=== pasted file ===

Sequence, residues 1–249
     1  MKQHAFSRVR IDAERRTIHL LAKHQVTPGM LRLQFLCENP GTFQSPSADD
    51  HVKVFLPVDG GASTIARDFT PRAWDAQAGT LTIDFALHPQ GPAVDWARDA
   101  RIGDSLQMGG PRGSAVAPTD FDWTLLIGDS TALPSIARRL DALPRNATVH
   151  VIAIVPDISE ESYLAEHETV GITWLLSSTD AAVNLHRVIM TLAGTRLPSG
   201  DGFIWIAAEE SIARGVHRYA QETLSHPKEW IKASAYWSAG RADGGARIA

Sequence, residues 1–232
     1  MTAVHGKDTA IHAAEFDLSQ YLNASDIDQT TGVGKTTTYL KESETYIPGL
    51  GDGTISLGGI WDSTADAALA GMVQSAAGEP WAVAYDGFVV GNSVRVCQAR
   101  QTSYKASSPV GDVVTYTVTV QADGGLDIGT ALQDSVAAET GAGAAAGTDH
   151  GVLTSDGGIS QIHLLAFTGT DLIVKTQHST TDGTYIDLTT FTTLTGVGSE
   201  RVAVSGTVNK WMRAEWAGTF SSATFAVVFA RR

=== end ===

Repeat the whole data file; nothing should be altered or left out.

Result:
Sequence, residues 1–249
     1  MKQHAFSRVR IDAERRTIHL LAKHQVTPGM LRLQFLCENP GTFQSPSADD
    51  HVKVFLPVDG GASTIARDFT PRAWDAQAGT LTIDFALHPQ GPAVDWARDA
   101  RIGDSLQMGG PRGSAVAPTD FDWTLLIGDS TALPSIARRL DALPRNATVH
   151  VIAIVPDISE ESYLAEHETV GITWLLSSTD AAVNLHRVIM TLAGTRLPSG
   201  DGFIWIAAEE SIARGVHRYA QETLSHPKEW IKASAYWSAG RADGGARIA

Sequence, residues 1–232
     1  MTAVHGKDTA IHAAEFDLSQ YLNASDIDQT TGVGKTTTYL KESETYIPGL
    51  GDGTISLGGI WDSTADAALA GMVQSAAGEP WAVAYDGFVV GNSVRVCQAR
   101  QTSYKASSPV GDVVTYTVTV QADGGLDIGT ALQDSVAAET GAGAAAGTDH
   151  GVLTSDGGIS QIHLLAFTGT DLIVKTQHST TDGTYIDLTT FTTLTGVGSE
   201  RVAVSGTVNK WMRAEWAGTF SSATFAVVFA RR